Three Jasper ladies, Lorna Hill, Norma Carstensen and Bobbie Jones, are asking for help in creating plarn mats.
‘Plarn’ is created with strips of plastic that are then joined, creating hank-like loops that are then wound into balls of plarn and in this case, crocheted into large mats.
The women need donated plastic bags and volunteers willing to flatten, fold and cut the plastic bags into strips and then join the strips together so that large balls of plarn can be created. They are also accepting more crocheters.
“Anybody that wants to learn to crochet to do this, I will teach them,” Hill said. “It’s very simple. I already teach knitting and crocheting and I’ll be happy to teach them.”
So far the trio has completed three mats, with Carstensen cutting the plastic bags and joining them together and Hill and Jones crocheting.
“It takes 60 to 70 hours to complete,” Hill said. “And about 800 bags to make one.”
The mats will be donated to the Orphan Grain Train. The Orphan Grain Train is a 501c3 Nonprofit Christian volunteer network. It has numerous locations around the country, with the goal of sharing clothing, medical supplies, food and Christian literature with needy people in America and around the world. Hill will be delivering the mats to one of the Orphan Grain Train’s Nebraska drop sites.
Hill first learned about plarn through an Orphan Grain Train flyer and went on the charity’s website to learn how to make the mats. While there are three sizes of mats, the Orphan Grain Train requests the largest size of 36 inches by 72 inches, the Orphan Grain Train is requesting all mats be the largest size. Hill said as she understands it, the mats are being used for outdoor bedding.
Carstensen currently collects the plastic bags for Hill and Jones, smooths them out into piles, folds them about four times and cuts them into 3/4-1-inch strips, which are then joined together to form long chains of plastic bag rings. Prior to looping the bags together she separates them by color into ice cream pails.
The women are always accepting more bags for the project, with a preference for shopping bags. Some plastic packaging used for product wrapping, such as for diapers, is too thick and doesn’t work well for the project.
“Peoples Bank in Jasper has said we can put a container out there for plastic bags,” Hill said. “And Supreme Styles in Pipestone [114 Second Ave. SE] has said people can bring them there.”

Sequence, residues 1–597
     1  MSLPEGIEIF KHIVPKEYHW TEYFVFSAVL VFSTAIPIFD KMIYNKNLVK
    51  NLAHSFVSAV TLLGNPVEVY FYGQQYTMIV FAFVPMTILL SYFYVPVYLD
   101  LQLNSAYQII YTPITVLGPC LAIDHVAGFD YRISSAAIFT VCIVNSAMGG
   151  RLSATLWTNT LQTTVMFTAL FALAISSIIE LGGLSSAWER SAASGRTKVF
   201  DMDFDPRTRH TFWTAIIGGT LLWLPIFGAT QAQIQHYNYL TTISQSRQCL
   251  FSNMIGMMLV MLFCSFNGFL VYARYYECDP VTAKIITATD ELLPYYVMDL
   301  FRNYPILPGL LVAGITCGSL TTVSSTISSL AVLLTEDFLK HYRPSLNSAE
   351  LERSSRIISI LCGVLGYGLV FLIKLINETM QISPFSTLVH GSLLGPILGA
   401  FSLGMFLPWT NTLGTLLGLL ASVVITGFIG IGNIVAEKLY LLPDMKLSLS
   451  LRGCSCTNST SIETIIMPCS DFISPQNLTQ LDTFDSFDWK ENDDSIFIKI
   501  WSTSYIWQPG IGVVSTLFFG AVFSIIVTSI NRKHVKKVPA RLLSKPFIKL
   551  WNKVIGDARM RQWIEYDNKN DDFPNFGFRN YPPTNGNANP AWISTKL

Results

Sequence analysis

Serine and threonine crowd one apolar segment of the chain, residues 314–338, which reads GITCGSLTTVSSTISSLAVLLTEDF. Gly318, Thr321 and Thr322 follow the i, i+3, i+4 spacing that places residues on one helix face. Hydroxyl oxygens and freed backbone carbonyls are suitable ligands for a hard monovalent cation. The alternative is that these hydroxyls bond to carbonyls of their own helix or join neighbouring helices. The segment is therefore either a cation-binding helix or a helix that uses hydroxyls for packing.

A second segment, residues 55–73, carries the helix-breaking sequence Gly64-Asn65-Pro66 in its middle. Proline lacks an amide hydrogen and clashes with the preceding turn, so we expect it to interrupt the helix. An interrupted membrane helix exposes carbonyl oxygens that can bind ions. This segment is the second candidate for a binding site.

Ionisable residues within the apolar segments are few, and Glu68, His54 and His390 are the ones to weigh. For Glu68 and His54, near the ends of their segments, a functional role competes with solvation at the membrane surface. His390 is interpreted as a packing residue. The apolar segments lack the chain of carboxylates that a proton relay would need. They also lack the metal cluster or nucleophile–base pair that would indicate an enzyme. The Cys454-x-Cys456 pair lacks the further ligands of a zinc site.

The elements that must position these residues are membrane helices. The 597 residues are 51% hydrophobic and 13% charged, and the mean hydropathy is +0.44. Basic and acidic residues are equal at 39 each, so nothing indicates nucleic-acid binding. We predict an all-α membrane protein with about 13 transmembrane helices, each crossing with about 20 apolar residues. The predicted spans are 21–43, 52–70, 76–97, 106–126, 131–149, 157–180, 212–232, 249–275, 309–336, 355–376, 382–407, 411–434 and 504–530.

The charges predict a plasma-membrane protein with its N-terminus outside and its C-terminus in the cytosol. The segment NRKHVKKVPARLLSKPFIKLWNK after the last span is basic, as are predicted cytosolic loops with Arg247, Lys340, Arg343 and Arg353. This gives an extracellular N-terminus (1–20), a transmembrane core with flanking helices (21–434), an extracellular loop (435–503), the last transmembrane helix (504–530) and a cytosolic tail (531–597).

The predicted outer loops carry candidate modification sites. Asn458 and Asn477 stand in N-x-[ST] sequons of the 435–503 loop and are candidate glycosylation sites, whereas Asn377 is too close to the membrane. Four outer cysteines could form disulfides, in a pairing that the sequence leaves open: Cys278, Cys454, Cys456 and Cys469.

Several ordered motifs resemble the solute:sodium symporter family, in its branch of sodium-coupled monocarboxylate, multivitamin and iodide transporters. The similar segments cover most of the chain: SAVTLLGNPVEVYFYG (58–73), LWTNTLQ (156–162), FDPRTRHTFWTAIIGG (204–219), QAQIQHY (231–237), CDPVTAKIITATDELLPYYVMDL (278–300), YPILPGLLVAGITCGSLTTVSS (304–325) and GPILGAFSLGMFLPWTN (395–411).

While the main goal of creating the plarn mats is to help humankind and those in need, an added benefit is helping the environment by recycling plastic bags.
“If it keeps 1,000 bags out of the landfill, then why not,” Carstensen said.
“It’s a win-win situation,” Hill added.
Plarn is an easy project to take on, due to the limited number of supplies needed to complete it and minimal cost.
“You don’t have any big financial outlay,” Carstensen said. “Nobody has to buy a bunch of flannel or yarn.”
Those who just cut and loop only require scissors and donated plastic bags and those who crochet only require a crochet hook.
“You don’t have any financial involvement,” Carstensen said.
“Anybody can give [plastic bags], it doesn’t cost anything,” Hill said. “Instead of throwing them in the trash or taking to recycling, bring them to us.”
Hill and Carstensen will be holding a demonstration of creating plarn mats at Meinders Community Library in Pipestone on Tuesday, May 29 from 2 to 3 p.m.
“It will be to demonstrate, answer questions, give instructions and help them get started,” Hill said.
The trio will welcome any volunteers willing to help and believe it is something that most people could easily help with. Hill has a 13-year-old crochet student who has been helping and believes young students or organizations like the Girl Scouts could help in bag collection, and the cutting and looping together.
Anyone interested in helping in any way can contact Lorna Hill at 507-348-7087.